Marvel’s Guardians of the Galaxy: The Telltale Series hasn’t really been great. In fact, it’d be more accurate to say it barely manages to clear the bar of “good”. Each episode has been a disappointing slog of interesting but half-baked ideas tied together by a dull story and annoying soundtrack. The last episode at least showed some minor improvement, but at this point, it seems like too little too late for the actual season. Will Don’t Stop Believin’ at least end the season on a solid note, or will this be as much of a bore as the rest?

The last episode ended on a bit of a depressing note, with either Drax deciding to sacrifice himself to save the rest of the Guardians of the Galaxy or Groot being badly injured by Drax’s lack of a sacrifice. Following this, the group promptly disbands, not willing to stick together any longer. Not really sure what to do, Star-Lord attempts to just sort of disappear into the bottom of a bottle for the rest of his life. Things don’t quite go as planned, as a chance to stop Hala the Accuser presents itself and Star-Lord makes one last desperate attempt to reassemble the Guardians and defeat Hala.

Marvel's Guardians of the Galaxy: The Telltale Series

Guest starring: the hand of Stubbs the Zombie

The idea is good, but the execution is just dull. By the end of the episode, I came to some realizations: I didn’t care about Hala, I didn’t care about any of the Guardians, and I didn’t care about what happened to any of the planets featured in the game. The game totally failed to invest me in this group of characters and as a result I finished up the final episode just generally feeling like I wasted my time. The only saving grace of the story is the jokes, which continue to be funny. More than once I found myself laughing at some weird situation or Star-Lord’s old mustache that no one wants to mention again.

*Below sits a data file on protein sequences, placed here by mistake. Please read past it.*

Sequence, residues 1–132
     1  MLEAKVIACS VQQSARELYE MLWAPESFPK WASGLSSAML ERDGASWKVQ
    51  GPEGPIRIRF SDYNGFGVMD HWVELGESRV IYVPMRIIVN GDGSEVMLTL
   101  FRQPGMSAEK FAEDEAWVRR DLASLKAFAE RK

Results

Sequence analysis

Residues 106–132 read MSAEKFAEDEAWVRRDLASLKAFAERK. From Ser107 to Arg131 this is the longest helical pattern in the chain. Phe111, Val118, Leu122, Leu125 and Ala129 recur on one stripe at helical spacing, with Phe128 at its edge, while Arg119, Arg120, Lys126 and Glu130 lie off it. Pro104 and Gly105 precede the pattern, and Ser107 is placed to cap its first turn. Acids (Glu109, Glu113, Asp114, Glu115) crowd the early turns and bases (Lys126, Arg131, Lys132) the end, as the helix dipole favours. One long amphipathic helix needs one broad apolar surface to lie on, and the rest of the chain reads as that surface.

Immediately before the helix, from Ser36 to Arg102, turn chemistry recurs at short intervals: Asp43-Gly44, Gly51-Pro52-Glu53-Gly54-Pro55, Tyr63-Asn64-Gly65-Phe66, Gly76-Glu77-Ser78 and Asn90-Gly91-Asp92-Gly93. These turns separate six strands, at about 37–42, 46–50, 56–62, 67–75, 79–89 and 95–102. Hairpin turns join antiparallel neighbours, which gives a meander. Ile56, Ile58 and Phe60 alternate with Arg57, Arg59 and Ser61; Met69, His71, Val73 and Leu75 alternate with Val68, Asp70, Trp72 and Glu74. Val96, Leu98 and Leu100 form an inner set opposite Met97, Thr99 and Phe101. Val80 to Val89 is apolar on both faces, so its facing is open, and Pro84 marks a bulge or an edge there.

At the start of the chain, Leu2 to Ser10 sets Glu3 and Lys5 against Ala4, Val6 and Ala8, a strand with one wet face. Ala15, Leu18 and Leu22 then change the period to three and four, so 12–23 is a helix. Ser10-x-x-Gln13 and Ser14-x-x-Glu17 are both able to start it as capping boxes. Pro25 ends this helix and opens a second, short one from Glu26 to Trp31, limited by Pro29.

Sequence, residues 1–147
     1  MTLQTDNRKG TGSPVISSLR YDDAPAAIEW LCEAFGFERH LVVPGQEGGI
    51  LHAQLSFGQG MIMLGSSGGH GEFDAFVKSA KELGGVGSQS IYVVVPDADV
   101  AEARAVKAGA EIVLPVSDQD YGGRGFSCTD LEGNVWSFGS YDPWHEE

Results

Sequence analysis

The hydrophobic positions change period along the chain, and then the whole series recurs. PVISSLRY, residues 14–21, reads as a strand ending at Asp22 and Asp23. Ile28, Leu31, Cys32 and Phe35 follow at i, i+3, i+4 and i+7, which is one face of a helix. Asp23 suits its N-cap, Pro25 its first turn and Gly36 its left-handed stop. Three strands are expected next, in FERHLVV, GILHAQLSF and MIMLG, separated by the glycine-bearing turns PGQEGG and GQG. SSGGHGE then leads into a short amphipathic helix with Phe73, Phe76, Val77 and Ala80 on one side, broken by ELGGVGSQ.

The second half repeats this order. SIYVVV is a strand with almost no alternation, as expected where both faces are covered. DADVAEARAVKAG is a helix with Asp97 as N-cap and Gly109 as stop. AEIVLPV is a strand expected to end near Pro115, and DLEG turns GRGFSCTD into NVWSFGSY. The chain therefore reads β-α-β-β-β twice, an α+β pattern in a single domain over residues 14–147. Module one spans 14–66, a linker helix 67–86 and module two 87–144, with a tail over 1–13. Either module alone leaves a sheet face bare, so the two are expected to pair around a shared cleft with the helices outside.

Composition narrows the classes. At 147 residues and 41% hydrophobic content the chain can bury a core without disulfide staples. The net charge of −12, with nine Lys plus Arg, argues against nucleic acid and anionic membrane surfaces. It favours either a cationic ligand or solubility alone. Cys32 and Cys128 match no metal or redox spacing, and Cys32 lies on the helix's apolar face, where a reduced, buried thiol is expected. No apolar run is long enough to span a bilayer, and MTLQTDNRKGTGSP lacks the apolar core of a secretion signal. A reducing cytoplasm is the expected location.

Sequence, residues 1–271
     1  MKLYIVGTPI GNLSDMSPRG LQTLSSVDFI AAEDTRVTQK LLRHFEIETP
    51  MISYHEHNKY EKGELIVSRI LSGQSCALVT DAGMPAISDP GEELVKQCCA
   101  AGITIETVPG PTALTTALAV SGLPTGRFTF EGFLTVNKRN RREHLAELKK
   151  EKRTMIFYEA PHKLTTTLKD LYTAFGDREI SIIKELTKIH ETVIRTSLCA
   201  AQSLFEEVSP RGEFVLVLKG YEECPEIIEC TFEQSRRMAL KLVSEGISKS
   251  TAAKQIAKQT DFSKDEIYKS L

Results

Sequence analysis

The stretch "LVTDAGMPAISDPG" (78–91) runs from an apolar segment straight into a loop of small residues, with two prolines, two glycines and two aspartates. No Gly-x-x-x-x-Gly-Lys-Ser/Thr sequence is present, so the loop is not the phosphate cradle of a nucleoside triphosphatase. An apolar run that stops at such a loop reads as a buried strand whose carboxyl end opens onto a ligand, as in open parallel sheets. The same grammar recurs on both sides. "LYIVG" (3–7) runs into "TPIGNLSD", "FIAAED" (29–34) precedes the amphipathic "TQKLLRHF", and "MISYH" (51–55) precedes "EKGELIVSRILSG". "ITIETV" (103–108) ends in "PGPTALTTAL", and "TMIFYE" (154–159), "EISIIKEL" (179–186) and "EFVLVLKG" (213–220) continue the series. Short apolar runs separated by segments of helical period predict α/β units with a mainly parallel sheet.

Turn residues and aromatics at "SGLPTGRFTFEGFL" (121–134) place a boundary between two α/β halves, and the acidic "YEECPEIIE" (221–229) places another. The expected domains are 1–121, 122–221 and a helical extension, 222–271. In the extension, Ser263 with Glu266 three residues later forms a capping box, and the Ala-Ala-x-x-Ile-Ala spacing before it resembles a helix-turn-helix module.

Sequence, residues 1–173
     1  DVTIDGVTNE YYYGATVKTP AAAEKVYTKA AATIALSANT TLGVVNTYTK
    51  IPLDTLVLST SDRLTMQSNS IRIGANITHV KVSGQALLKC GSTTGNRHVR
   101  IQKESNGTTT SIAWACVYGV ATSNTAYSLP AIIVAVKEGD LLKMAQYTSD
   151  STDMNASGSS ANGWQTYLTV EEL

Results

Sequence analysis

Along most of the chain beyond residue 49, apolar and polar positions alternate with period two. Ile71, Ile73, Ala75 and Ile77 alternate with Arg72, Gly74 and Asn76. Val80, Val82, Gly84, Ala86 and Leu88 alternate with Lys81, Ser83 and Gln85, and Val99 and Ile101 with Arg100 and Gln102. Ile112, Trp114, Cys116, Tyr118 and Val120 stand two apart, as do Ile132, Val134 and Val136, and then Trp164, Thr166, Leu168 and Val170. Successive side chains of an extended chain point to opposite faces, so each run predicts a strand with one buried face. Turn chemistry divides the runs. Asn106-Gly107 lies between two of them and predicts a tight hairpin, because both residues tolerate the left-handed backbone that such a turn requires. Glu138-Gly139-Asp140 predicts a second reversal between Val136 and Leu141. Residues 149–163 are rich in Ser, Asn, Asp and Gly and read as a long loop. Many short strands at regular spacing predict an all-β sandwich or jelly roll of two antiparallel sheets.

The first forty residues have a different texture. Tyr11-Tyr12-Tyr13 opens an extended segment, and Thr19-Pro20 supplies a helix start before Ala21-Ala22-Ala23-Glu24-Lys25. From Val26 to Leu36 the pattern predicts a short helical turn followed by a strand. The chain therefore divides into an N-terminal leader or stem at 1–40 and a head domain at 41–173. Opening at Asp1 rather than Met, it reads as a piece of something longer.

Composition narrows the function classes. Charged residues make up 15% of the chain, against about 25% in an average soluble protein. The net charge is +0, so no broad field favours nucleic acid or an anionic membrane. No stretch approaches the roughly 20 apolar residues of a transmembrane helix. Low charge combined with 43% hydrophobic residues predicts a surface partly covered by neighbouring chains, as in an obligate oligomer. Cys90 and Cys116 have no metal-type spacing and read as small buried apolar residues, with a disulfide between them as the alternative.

Much like the other episodes, you get to explore a Guardian’s past to learn what shaped them. It’s a bit different this time, as instead, you’ll see how the Guardians formed through the eyes of Groot. This means you don’t actually learn any of Groot’s history, which could be seen as a disappointment. Also, much like Drax’s segment from the last episode, this segment is barely long enough to be memorable in any way. You’ll maybe spend ten minutes tops as Groot, and get nothing worth seeing for those ten.

Marvels Guardians of the Galaxy The Telltale Series Episode 5 Review Mustache

That’ll never go out of style

There’s a total lack of any investigation scenes this episode and the fights clock in at a grand total of one. The final battle with Hala is appropriately fun and well choreographed, much like every other fight scene in the season, but it’s rather fast. For a villain that the game has spent the entire season building up as some kind of invincible bad ass, the actual fight against her is unsatisfying in how quickly it’s over and barely feels consistent with how the powers she has displayed up until this point.